Math vs. chemistry annual croquet match.

Math and chemistry face off in the 20th annual croquet match

Posted by Centre News in Campus, Chemistry, Math, News 07 Oct 2016

math vs chemistry croquet matchTradition of all kinds are embraced by the Centre College community, including those of a competitive nature. In the 20 years since it began, the annual croquet match between the chemistry and mathematics programs has become something students and faculty on both teams anticipate every year.

Math vs. chemistry annual croquet matchThe game of croquet was far from a random choice of competition.

“I think the tradition of playing croquet goes back quite far with the chemistry program,” says John Wilson, H.W. Stodghill, Jr. and Adele H. Stodghill Professor of Mathematics. “I know when I arrived at Centre in 1985, the croquet games at chemistry picnics were already legendary.

“For some reason, in 1996 the chemistry and mathematics programs decided to have a friendly competition on the lawn in front of Olin complete with trophy—the Golden Mallet—to reside with the winning program until the next competition,” Wilson continues.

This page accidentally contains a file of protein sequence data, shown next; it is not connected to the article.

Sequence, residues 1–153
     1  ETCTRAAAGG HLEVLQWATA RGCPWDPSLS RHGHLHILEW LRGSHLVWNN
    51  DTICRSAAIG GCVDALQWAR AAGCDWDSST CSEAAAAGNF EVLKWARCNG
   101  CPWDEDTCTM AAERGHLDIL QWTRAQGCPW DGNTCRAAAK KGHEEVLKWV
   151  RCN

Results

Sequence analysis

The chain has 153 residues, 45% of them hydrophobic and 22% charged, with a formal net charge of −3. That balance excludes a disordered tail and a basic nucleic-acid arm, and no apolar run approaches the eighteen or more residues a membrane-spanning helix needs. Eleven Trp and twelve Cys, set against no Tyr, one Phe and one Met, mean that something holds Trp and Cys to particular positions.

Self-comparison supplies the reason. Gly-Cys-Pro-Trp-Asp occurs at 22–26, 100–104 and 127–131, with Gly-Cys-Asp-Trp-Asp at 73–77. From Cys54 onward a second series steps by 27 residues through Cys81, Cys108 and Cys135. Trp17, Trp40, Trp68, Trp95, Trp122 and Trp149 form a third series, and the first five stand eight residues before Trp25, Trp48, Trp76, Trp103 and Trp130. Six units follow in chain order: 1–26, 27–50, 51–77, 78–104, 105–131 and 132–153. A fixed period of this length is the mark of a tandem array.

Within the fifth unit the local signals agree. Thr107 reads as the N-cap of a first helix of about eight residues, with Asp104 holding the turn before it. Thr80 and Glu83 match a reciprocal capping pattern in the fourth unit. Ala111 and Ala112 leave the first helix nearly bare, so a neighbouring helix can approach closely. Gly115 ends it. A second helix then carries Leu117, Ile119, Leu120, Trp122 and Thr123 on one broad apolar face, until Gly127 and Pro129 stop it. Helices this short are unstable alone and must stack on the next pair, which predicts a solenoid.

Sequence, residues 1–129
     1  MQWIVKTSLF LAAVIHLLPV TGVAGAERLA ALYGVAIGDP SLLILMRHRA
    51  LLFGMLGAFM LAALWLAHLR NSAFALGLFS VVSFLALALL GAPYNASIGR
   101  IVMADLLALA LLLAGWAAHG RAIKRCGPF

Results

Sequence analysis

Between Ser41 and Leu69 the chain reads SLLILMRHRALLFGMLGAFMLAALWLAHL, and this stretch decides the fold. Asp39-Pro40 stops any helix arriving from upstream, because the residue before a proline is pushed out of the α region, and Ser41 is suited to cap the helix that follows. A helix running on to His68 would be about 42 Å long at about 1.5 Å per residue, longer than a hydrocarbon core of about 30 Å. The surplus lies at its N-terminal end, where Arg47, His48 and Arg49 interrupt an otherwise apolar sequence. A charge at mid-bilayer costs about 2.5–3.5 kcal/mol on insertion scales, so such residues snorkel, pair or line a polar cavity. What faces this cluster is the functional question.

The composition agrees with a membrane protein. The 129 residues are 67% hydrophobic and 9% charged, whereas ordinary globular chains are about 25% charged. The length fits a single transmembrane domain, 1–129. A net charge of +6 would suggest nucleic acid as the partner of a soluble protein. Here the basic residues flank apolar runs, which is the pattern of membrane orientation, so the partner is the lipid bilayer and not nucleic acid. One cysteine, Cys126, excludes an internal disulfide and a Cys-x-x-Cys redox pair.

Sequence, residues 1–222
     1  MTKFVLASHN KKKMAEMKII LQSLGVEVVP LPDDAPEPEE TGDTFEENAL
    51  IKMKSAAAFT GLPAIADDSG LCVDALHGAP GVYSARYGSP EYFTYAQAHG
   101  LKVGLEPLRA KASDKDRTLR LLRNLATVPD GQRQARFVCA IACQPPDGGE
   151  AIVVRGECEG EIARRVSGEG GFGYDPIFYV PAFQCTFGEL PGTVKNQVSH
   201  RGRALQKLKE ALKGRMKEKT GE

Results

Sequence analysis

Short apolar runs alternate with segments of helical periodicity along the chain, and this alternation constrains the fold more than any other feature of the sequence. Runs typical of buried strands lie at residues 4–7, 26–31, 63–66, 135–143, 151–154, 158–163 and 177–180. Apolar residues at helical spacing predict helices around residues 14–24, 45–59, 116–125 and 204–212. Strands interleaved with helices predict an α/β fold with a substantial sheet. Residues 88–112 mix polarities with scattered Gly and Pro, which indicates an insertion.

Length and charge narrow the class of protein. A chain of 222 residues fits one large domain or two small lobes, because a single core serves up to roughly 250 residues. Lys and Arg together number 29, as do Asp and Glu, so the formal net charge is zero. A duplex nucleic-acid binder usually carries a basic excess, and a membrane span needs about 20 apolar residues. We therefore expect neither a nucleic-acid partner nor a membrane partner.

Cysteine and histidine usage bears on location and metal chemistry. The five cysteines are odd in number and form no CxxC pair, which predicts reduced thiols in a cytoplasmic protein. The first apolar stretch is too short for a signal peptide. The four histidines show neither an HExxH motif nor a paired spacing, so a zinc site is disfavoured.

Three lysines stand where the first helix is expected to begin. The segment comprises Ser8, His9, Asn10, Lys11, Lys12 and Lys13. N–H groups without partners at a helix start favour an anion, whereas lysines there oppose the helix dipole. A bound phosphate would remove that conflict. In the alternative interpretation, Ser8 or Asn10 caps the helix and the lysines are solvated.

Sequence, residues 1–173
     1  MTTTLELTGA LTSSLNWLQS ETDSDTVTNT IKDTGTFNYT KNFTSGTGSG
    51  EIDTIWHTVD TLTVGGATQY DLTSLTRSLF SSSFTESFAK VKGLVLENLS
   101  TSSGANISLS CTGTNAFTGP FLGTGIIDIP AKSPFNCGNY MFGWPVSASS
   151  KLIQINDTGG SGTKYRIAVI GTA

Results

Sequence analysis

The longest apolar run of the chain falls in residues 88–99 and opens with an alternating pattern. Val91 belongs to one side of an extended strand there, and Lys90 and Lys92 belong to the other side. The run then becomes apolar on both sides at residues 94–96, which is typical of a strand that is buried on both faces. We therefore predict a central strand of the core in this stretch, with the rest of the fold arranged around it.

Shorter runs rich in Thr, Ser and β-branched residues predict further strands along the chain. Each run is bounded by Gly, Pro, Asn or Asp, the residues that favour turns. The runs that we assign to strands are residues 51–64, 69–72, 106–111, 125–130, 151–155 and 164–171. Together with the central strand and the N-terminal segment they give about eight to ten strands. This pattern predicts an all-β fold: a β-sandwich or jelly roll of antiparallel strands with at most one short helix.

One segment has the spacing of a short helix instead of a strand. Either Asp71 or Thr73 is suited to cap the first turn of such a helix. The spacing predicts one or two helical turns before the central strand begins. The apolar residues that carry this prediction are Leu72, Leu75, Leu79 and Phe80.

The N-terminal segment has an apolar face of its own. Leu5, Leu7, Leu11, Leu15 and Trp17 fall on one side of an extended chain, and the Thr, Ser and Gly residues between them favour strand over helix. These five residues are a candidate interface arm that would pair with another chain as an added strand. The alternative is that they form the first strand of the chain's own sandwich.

The croquet matches have evolved over the years, with professors now coaching students and helping them with strategy. Both programs have seen their fair share of glory.

croquet_news_inset“The early years were dominated by the chemists winning four of the first five competitions,” Wilson says. “For the next nine years, the matches were very close—math won four, chemistry won three and there were two ties.

“In recent years, the Golden Mallet has found a stable home in the glass-enclosed math trophy case on the first floor of Olin,” Wilson brags. “No current math student has felt the sting of croquet defeat in the annual affair. In fact, 2016 marked the seventh consecutive year the math team has won.”

While both programs enjoy the friendly croquet competition, it’s the chance to interact with others in the Centre community that the students and professors embrace.

“This is one of those Centre traditions where students and faculty have the opportunity to spend some time getting to know each other outside of the classroom,” Wilson says.

by Elizabeth Trollinger
October 7, 2016